The Galaxy Note7 is dead. Samsung has taken the unprecedented step of ceasing production on the embattled product after two recalls and reports of battery fires and explosions.
The company said it will permanently end production after reports surfaced of replacement devices deemed safe by Samsung were overheating and catching fire.
“For the benefit of consumers’ safety, we stopped sales and exchanges of the Galaxy Note7 and have consequently decided to stop production.” the Samsung Australia statement said.
Richard Fink, Vice President IT & Mobile, Samsung Electronics Australia said today: “The safety of our customers is our first priority, which is why we are taking this further step and extending the current recall to all Galaxy Note7 devices, including replacement Galaxy Note7 devices.
“We know our Galaxy Note customers are among our most loyal customers and we sincerely apologise to them.”
Anyone who has either an original or replacement Note7 should power down the device and return it to the place of purchase for a refund or to replace it with another mobile device.
This move comes two months after the Samsung Galaxy Note7 was launched on August 2 in a glittering event in New York which Tech Guide attended.
In early September, the first reports of the device overheating and exploding surfaced and the company began a global recall after identifying a battery cell issue.
Samsung re-adjusted its production to fix the problem and shipped what it thought were safe replacement products.
Customers who opted to stick with the device and replace it were given priority when replacement stock arrived.
But when these supposedly safe replacement devices started overheating and exploding, the company once again withdrew the Note7 from sale before deciding to cease production altogether overnight.
Tech Guide has contacted Samsung Australia for comment and we are awaiting an official statement.
THE BIRTH AND DEATH OF THE SAMSUNG GALAXY NOTE 7
Samsung unveils the new flagship Galaxy Note7 – the company’s most advanced smartphone ever.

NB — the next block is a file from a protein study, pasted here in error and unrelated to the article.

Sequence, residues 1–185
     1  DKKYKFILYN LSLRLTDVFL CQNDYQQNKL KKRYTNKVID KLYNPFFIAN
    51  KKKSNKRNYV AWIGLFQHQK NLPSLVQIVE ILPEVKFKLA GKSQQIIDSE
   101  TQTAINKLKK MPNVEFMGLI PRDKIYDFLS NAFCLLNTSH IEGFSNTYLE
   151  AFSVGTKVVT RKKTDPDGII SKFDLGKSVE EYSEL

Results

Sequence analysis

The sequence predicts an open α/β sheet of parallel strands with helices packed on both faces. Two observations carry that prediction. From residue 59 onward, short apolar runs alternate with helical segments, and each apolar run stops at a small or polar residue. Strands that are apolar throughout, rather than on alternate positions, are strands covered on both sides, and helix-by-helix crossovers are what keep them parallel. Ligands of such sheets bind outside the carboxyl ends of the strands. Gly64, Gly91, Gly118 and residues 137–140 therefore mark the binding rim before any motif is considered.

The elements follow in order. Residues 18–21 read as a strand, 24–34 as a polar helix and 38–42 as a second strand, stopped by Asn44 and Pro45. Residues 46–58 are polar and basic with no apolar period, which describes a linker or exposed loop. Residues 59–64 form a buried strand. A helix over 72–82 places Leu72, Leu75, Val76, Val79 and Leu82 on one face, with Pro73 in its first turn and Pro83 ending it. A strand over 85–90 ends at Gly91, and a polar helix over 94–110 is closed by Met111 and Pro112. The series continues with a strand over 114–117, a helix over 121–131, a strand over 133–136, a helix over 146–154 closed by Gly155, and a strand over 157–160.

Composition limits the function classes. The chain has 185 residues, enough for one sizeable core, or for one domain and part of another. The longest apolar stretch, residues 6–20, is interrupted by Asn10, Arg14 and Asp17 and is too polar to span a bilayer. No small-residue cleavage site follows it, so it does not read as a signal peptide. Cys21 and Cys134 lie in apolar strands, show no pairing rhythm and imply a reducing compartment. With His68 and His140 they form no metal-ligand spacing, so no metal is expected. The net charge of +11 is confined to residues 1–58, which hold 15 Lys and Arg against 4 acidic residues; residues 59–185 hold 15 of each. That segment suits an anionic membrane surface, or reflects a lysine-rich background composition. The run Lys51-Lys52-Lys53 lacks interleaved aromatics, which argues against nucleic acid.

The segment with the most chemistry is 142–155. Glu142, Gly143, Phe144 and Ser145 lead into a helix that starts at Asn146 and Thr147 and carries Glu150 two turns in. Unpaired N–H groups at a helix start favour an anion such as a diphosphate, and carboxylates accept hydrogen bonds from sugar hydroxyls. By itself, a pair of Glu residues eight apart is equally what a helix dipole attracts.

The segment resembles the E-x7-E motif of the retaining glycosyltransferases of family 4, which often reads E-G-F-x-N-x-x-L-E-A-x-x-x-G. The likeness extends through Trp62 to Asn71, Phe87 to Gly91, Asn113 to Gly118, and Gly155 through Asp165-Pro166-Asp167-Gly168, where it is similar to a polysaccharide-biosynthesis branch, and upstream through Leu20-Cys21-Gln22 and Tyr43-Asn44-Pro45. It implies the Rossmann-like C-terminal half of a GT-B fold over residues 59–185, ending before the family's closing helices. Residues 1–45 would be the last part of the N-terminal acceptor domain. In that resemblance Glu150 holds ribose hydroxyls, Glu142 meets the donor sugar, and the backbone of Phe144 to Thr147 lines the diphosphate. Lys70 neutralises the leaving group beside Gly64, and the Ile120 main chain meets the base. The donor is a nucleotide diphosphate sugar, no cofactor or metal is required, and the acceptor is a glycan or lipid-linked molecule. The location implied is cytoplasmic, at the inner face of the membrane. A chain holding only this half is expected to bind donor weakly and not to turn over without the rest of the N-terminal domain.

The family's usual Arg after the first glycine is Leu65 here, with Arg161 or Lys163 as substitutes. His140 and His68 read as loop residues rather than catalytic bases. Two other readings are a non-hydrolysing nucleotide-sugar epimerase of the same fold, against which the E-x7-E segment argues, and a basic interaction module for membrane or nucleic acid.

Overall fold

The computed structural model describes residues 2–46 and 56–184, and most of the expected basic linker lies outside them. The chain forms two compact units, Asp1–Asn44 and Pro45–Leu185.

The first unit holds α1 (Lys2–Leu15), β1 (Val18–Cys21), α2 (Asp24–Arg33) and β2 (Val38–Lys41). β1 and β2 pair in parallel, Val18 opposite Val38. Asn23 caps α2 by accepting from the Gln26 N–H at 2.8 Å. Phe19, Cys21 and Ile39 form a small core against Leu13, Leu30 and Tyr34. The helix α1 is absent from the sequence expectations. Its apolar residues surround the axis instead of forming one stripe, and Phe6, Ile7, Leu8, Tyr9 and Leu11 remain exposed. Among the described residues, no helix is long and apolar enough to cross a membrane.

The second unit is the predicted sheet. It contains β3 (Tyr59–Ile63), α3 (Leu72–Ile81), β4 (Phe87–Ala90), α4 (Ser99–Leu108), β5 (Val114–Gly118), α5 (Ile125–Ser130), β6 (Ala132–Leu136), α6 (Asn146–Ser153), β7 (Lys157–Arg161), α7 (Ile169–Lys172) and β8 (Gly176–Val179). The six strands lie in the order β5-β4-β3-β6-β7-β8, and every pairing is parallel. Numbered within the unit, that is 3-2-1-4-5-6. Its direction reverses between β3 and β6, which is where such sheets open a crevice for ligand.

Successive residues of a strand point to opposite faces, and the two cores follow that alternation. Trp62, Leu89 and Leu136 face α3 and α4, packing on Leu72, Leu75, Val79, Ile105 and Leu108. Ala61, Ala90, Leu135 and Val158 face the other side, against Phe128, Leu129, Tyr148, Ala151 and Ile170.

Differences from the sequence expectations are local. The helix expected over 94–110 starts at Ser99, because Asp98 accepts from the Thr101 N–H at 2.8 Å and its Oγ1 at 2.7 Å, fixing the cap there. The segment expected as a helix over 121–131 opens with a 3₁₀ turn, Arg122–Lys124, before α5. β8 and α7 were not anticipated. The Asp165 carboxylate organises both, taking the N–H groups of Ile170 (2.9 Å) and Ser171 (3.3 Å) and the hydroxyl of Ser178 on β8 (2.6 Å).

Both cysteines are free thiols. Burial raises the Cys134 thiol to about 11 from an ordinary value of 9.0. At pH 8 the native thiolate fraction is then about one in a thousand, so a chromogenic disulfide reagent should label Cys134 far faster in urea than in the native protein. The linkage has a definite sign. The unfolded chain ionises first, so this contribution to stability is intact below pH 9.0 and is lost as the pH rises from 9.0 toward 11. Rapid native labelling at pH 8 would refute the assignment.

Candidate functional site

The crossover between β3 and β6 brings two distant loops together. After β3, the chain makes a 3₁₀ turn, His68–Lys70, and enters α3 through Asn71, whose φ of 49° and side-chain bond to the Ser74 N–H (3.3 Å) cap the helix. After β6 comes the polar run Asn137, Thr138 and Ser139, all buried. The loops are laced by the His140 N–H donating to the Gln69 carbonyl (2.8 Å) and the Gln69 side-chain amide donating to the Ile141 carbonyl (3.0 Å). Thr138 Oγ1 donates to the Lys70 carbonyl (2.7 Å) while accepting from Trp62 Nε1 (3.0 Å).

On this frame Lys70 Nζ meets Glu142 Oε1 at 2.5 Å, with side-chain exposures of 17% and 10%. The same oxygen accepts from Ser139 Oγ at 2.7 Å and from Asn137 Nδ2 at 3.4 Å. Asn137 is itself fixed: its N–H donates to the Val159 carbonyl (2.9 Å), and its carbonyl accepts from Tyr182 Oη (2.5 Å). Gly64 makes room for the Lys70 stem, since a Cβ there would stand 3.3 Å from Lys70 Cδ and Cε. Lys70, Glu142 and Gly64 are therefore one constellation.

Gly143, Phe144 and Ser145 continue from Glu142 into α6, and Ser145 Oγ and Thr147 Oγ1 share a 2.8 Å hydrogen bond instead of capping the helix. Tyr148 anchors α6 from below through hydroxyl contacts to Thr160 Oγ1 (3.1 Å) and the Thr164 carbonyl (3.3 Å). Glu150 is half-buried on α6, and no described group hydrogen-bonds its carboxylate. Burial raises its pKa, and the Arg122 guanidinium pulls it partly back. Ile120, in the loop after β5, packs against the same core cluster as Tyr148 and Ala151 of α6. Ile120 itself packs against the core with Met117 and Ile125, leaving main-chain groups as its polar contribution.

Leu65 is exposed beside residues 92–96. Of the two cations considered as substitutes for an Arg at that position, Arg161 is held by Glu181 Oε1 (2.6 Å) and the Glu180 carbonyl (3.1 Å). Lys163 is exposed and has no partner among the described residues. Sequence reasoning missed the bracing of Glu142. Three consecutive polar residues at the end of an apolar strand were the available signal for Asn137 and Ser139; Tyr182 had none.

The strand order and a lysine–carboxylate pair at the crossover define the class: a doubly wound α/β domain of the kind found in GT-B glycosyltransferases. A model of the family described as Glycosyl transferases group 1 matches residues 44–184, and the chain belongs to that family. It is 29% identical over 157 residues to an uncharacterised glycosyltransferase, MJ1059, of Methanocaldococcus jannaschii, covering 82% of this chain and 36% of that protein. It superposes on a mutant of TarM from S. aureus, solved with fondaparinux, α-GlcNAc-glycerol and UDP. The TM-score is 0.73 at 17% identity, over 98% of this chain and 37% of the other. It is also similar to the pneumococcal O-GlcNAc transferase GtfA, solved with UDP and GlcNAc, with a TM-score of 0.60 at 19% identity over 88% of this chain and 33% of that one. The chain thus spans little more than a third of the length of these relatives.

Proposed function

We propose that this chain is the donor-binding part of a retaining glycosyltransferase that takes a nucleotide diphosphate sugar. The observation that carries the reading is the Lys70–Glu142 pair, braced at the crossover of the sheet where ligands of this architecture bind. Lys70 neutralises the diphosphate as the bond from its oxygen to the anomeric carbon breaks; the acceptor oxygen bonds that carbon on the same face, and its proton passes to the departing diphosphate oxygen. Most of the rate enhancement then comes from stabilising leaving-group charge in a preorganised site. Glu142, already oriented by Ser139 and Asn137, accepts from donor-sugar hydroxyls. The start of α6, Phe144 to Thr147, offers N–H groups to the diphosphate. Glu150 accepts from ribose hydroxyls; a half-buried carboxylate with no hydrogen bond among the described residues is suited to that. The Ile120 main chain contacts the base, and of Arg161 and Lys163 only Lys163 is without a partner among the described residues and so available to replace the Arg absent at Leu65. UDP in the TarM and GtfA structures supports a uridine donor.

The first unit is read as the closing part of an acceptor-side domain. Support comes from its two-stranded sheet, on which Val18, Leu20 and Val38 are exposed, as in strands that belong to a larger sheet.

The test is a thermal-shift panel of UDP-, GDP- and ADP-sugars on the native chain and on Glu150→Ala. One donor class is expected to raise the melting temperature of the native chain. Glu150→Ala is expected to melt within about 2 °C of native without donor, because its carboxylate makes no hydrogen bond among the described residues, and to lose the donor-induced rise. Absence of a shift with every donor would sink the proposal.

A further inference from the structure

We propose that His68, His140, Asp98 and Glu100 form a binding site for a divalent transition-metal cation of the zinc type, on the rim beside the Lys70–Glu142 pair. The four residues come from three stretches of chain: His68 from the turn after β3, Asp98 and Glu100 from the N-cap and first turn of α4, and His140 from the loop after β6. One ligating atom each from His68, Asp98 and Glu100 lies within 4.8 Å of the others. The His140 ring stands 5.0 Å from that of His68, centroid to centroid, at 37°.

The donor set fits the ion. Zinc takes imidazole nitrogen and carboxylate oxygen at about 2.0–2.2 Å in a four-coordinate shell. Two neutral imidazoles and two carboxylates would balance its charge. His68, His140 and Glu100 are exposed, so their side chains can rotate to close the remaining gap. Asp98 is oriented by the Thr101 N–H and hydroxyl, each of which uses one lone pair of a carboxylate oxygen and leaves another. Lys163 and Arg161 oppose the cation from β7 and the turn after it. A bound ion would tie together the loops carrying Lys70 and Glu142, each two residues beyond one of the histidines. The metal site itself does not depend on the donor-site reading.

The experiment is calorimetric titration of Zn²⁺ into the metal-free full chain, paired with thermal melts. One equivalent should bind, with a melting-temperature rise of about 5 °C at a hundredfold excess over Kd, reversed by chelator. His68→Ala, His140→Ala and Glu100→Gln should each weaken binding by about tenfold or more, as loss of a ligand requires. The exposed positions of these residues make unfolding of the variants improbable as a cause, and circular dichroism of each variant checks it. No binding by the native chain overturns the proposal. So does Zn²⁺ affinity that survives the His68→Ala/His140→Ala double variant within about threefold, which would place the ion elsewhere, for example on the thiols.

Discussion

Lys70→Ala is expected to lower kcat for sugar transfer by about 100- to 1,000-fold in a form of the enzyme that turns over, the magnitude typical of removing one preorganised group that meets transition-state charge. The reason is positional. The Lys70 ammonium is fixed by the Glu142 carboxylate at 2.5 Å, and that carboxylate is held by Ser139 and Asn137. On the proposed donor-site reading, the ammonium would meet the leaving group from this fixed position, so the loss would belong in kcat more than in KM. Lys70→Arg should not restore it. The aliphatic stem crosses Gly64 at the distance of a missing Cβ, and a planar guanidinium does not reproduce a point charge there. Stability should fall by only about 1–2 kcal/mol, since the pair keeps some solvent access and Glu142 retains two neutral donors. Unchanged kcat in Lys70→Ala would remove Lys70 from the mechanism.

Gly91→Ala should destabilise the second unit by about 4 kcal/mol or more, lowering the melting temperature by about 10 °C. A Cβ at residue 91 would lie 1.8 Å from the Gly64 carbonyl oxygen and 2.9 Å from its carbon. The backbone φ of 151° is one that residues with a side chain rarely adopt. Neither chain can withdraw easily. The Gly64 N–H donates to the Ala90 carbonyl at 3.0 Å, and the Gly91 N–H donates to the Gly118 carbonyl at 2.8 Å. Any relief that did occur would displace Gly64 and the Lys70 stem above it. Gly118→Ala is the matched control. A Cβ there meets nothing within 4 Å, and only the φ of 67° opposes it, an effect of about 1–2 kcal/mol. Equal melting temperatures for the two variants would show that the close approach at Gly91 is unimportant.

The device is also the first to include an iris scanner so it can be unlocked simply by looking at it.
The Note7 is also Samsung’s first smartphone to include a USB-C charging port and it has a 3,500mAh battery.
Tech Guide, in New York for the Note7 launch, has an in-depth hands-on look at the product.
We are impressed by all-new curved design, curved screen, iris scanner improved S Pen and water resistant design.
Samsung Galaxy Note7 pre-orders begin in Australia. Customers who pre-order and offered a free 256GB microSD card as a bonus.
Tech Guide publishes its complete review of the Samsung Galaxy Note7 and calls it “one of the most advanced smartphones around”.
The Samsung Galaxy Note7 goes on sale in 10 countries including the US, UK, Korea and Australia.
Samsung confirms a battery cell issue with the Note7 after reports surface of devices overheating, catching fire and exploding.
Samsung issues a global recall of the Note7 and gives customers the option of a refund or a replacement.
Samsung confirms at least two Australian cases of Note7 battery incidents.
Samsung announces replacement stock will arrive on September 21.
Customers who stuck with the brand and opted for a replacement device are given first priority for stock that has been deemed safe by Samsung.
Replacement Note7 device catches fire aboard a Southwest aircraft before take-off. In the days that follow, four other incidents with replacement Note7 devices are reported in the US.
Samsung issues second recall and asks customers to return the Note7 for a refund or replacement handset as they conduct an investigation.
Samsung ceases production permanently on the Galaxy Note7.